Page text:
Wednesday, December 30, 2009

Karl Barth on God's Faithfulness to the People Israel

"Is Israel's mission thereby superseded? No, on the contrary, through everything the Old Testament again and again insists that God's election holds and will hold to all eternity. This man who is thus set forth as he is in Israel, is and remains the man elect by God and the man in consequence entrusted with this mission. Where man fails, God's faithfulness triumphs. And this Israel, which is a great demonstration of man's unworthiness, at the same time becomes a demonstration of God's free grace, which asks no questions about man's attitude, but sovereignly pronounces upon man a 'nevertheless,' by which he is upheld. Man is nothing but the object of the divine compassion, and where he wants to be more, he must necessarily rebel against this Israel-existence. Israel is simply thrown upon God and simply directed to Him. Read the Psalms: 'Thou only....' Man appears simply as a hearer of God's Word, and is set, and remains, under God's lordship, even if he attempts time and again to withdraw from it. And in the fulfillment of his mission, in the crucified Jesus of Nazareth, here most of all it becomes visible once more what Israel means. What else is the Jesus hanging on the gallows but this Israel once more in its sin and godlessness? Yes, this blasphemer is Israel. And this Israel's name is now Jesus of Nazareth. And if we glance again at Jewish history and see the strangeness and absurdity of the Jew, his obnoxiousness which repeatedly made him odious among the nations -- and now you may give the anti-Semitic register full play -- what else does that mean but the confirmation of this rejected Israel, which by God was made visible at the Cross, but also of the Israel with whom God keeps faith right through all stages of his wandering?"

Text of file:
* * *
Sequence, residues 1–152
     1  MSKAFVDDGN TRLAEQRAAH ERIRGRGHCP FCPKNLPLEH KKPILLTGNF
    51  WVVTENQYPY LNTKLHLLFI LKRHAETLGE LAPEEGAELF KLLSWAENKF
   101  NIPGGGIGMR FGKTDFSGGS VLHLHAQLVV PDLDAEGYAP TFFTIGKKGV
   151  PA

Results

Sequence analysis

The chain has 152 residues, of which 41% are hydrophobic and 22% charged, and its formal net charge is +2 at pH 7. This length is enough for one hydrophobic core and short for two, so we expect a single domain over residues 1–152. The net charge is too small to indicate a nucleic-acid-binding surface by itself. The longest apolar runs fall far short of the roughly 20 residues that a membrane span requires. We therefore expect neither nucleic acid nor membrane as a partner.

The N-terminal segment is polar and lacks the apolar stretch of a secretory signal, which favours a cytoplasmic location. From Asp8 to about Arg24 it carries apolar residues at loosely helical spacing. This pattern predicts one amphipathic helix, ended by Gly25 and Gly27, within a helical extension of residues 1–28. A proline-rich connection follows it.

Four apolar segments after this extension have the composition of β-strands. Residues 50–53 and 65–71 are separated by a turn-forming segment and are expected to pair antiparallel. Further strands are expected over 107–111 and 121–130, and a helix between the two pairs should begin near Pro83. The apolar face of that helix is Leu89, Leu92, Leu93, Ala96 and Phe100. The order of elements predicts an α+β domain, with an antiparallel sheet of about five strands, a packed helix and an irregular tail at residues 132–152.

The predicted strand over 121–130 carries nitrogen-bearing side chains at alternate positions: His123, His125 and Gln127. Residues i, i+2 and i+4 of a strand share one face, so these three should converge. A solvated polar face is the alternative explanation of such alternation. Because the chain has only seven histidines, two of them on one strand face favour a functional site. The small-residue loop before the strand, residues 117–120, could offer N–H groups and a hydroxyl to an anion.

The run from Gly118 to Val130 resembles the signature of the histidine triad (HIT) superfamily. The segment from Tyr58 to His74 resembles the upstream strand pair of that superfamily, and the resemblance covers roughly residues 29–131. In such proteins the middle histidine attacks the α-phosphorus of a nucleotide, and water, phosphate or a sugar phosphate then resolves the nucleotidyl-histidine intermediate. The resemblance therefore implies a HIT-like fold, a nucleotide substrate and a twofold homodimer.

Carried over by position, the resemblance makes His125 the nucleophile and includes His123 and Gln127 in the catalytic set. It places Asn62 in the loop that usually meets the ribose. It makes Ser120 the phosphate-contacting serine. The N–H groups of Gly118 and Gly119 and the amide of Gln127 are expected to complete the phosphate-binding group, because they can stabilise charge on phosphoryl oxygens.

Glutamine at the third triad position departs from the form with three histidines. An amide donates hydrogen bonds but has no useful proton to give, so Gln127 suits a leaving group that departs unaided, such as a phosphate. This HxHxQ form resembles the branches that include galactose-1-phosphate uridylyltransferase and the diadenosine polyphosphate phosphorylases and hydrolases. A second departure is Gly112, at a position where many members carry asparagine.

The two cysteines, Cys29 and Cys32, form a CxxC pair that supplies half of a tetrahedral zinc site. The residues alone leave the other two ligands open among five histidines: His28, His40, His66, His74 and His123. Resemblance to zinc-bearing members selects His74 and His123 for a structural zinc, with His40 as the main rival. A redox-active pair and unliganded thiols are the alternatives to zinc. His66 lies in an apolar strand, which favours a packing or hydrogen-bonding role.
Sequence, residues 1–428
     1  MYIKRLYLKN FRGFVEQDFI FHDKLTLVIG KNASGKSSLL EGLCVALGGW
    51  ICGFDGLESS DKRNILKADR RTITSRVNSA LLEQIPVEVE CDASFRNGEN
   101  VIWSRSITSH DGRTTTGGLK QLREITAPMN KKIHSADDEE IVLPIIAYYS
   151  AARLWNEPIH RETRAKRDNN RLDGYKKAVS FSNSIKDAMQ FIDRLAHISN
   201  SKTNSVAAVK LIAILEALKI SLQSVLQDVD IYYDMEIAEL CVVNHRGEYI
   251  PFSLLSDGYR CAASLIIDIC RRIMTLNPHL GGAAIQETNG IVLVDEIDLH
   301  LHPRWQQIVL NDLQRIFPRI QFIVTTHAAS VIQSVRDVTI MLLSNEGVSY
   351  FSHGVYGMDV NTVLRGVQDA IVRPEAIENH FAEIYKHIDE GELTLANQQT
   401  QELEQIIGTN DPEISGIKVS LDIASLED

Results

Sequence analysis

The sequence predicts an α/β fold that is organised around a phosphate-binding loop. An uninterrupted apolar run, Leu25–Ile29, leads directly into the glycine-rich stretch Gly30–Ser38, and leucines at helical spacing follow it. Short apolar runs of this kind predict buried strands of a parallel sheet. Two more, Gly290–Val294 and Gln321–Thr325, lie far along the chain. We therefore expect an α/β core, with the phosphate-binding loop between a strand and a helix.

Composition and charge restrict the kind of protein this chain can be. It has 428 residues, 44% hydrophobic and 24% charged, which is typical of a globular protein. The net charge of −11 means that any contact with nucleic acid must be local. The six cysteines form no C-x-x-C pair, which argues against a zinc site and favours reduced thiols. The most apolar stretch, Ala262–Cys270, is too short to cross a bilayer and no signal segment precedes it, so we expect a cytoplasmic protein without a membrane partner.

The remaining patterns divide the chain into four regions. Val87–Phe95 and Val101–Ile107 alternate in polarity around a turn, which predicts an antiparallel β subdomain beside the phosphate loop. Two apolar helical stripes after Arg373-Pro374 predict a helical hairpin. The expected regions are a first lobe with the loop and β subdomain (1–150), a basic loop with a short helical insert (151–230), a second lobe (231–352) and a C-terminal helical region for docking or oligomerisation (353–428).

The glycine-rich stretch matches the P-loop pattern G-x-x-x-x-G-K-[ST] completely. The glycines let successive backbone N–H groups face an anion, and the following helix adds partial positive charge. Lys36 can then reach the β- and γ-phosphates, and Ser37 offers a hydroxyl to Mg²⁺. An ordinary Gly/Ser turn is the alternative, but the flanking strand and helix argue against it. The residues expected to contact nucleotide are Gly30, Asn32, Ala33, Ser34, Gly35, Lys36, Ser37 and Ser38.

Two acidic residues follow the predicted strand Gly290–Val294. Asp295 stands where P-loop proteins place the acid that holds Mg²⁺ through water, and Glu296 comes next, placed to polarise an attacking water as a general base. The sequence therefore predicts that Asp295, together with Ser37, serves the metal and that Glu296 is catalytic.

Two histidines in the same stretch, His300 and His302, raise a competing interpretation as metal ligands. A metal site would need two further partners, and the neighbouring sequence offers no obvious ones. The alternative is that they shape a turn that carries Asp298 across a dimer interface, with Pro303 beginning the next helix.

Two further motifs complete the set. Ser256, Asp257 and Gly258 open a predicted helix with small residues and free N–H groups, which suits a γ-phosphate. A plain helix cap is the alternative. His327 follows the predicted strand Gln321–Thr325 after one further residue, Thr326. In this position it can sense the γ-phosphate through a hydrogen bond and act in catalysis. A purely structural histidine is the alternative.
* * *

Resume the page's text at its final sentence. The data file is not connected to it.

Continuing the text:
--Karl Barth, Dogmatics in Outline (New York: Harper Torchbooks, 1959), 79


  1. Nice post on Barth. It reminds me of Donna Bowman's book on Barth and Whitehead's surprisingly complimentary views of election.


  2. This is simply a reworked form of classic Christian supercessionism: the only purpose Israel serves after the coming of Christ is to demonstrate divine faithfulness in the face of disbelief.

    For all of Barth's interesting take on Israel, he still is caught within a supercessionist logic. Israel, for him, at the end of the day, plays no positive role in the economy, only a negative one. They are the witness to unbelief, while the church witnesses to belief.

    I think such a straightforward mapping of belief/unbelief onto church/Israel is problematic.

  3. Barth is always caught in his own dialectic...nice Lucy

  4. Hello, Brad. Thanks for always addressing such timely issues. By the way, I've not forgotten about your email re school! I've been quite behind on correspondence this semester due to comps. My sincere apologies.

    I think Lucy is right on. Barth reoriented the Christian tradition onto its narrative which meant making "covenant" and "election" front and center. In this way he avoided the tradition's constant "structural supersessionism" which conceives of salvation history as the consummation of "humanity" by God w/no place for the Jewish story. The two players in the traditional structure are imago Dei and God w/not much room for the covenant w/Israel and the promise to bless the nations. Overall, I think he failed to embrace a positive ongoing theological role for the Jewish people. Kendall Soulen believes Barth is "economically supersessionist"--after Christ the Jewish people fade out of history only to return at the Parousia.

    BUT don't hear me saying "Nein" to Barth!

    Matt T